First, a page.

The Washington PostDemocracy Dies in Darkness

Cancer fight needs evolutionary approach to really understand, treat the disease

(Princeton University Press)
Placeholder while article actions load

Is it time to ditch the war on cancer?

Arizona State University professor Athena Aktipis says yes — and that it might be time to learn to live with the disease.

That seemingly unthinkable statement is at the core of “The Cheating Cell,” her book on how evolution can help us understand and treat cancer.

Key word: Treat, not beat.

If the thought of living with cancer rather than eradicating it rubs you the right way, there is good reason.

According to the National Cancer Institute, over 600,000 people die of cancer every year in the United States alone. Cancers are the second leading cause of death in the world. Cancer is not only a brutal killer but also portrayed as a disease people battle in a war with life-or-death stakes

But for Aktipis, that metaphor is counterproductive. Since cancer isn’t a single disease, it’s hard to fight — and because cancer represents evolution itself, it could be impossible to ever stop completely.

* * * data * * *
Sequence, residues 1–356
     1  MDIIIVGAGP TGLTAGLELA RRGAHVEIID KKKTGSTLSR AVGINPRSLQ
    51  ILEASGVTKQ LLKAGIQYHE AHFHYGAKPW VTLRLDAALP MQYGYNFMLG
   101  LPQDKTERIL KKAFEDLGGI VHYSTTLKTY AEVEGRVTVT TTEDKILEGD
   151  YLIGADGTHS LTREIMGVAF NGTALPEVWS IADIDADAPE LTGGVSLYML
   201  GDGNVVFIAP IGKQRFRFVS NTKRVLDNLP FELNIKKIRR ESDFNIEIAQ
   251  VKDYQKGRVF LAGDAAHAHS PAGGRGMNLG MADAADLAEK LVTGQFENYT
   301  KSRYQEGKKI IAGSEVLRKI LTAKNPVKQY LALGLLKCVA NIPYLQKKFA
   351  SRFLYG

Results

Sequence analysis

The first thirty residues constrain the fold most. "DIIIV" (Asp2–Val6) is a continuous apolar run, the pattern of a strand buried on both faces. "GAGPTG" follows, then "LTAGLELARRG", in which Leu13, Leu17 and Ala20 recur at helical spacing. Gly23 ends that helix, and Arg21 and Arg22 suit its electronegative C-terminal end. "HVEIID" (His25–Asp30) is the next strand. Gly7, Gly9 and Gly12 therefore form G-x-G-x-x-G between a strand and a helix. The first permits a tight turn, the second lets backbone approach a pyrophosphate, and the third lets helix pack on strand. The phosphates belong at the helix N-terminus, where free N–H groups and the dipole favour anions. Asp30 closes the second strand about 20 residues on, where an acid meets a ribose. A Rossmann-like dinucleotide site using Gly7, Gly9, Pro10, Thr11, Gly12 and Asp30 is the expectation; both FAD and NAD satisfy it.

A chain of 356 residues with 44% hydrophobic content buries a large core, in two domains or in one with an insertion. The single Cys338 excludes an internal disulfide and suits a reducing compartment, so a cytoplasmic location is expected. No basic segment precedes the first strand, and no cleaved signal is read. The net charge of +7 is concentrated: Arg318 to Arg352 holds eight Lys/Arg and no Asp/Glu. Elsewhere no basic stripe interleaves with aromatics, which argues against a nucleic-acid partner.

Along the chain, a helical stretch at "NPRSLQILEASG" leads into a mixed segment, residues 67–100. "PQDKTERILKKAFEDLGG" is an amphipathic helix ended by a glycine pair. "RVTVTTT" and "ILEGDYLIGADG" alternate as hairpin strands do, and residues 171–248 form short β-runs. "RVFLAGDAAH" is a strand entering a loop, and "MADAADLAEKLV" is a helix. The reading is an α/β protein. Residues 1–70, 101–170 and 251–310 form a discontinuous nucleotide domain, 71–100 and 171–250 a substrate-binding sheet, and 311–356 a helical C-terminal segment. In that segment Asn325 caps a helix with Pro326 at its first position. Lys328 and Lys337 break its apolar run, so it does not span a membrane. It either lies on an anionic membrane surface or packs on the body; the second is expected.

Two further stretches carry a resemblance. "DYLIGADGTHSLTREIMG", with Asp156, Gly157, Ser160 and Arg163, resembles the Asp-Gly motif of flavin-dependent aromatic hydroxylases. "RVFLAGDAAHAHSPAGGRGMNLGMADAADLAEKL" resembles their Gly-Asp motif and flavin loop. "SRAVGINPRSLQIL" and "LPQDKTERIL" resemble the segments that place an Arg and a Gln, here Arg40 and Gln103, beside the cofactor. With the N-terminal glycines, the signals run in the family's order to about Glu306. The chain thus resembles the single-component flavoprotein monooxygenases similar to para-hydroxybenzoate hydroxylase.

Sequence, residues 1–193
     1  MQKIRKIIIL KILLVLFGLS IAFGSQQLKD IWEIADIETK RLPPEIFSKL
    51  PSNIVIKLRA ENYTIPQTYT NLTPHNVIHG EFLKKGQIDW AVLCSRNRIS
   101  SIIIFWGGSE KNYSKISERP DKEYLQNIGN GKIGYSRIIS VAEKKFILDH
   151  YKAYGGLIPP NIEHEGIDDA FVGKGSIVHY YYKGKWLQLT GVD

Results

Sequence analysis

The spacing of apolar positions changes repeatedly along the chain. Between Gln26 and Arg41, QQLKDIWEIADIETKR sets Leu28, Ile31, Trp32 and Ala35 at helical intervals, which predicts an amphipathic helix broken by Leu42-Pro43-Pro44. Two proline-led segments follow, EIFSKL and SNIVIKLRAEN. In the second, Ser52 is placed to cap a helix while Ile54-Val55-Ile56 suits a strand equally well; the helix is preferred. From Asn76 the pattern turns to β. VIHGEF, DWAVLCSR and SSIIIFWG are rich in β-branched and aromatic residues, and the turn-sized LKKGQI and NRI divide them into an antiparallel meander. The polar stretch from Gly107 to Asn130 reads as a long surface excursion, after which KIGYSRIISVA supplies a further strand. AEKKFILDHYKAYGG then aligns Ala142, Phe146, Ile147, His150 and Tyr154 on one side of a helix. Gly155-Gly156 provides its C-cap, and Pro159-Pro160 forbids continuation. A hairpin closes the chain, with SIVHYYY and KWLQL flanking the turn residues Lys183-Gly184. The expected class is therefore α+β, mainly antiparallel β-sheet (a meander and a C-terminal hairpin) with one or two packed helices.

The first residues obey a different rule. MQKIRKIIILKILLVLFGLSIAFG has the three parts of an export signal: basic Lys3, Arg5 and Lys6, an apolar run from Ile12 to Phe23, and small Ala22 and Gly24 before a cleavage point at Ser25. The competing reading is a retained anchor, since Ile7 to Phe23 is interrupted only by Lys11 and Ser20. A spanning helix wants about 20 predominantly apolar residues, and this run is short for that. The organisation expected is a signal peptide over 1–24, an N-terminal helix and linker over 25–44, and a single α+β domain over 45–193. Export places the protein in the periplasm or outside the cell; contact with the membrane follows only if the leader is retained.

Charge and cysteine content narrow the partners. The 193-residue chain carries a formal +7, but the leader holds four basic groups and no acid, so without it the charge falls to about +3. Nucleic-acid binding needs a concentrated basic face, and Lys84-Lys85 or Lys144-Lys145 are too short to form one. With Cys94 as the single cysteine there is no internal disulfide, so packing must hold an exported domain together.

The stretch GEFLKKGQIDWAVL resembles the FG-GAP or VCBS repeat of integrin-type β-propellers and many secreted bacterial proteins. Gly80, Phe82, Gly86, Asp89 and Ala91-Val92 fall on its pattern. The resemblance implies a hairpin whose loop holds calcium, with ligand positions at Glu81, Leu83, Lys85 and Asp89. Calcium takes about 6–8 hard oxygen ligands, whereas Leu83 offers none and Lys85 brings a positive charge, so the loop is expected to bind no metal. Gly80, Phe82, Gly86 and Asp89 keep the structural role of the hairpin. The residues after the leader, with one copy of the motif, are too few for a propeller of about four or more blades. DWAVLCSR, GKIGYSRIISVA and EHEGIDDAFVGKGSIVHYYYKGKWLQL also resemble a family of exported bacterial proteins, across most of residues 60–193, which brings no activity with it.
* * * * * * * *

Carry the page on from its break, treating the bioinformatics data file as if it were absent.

Cancer is hundreds of related diseases. They share something critical: cells that divide over and over again and spread into neighboring tissues. But the similarity can end there. Cancers are unique based on where they originate and the genetic profile of the person in whose body they develop.

Aktipis takes an evolutionary approach to cancer, tracing the ways cells “cheat” natural selection and showing how the human body evolved to outsmart many of those threats. She invites readers to put themselves in the role of a cancer cell and learn about the ways in which the disease and the history of human existence are intertangled.

Along the way, she argues for “a new way of looking at cancer — not as something that must be eliminated at all costs, but rather as something that must be controlled and shaped into a companion that we can live with.”

Cancer may not ever be eradicated, she suggests, but humans could one day regain the upper hand.

DNA tests grow more vital in breast cancer treatments. They also raise unanswerable questions.

FDA approves ‘precision medicine’ drug for different cancers with same mutation

For new cancer treatments, less is more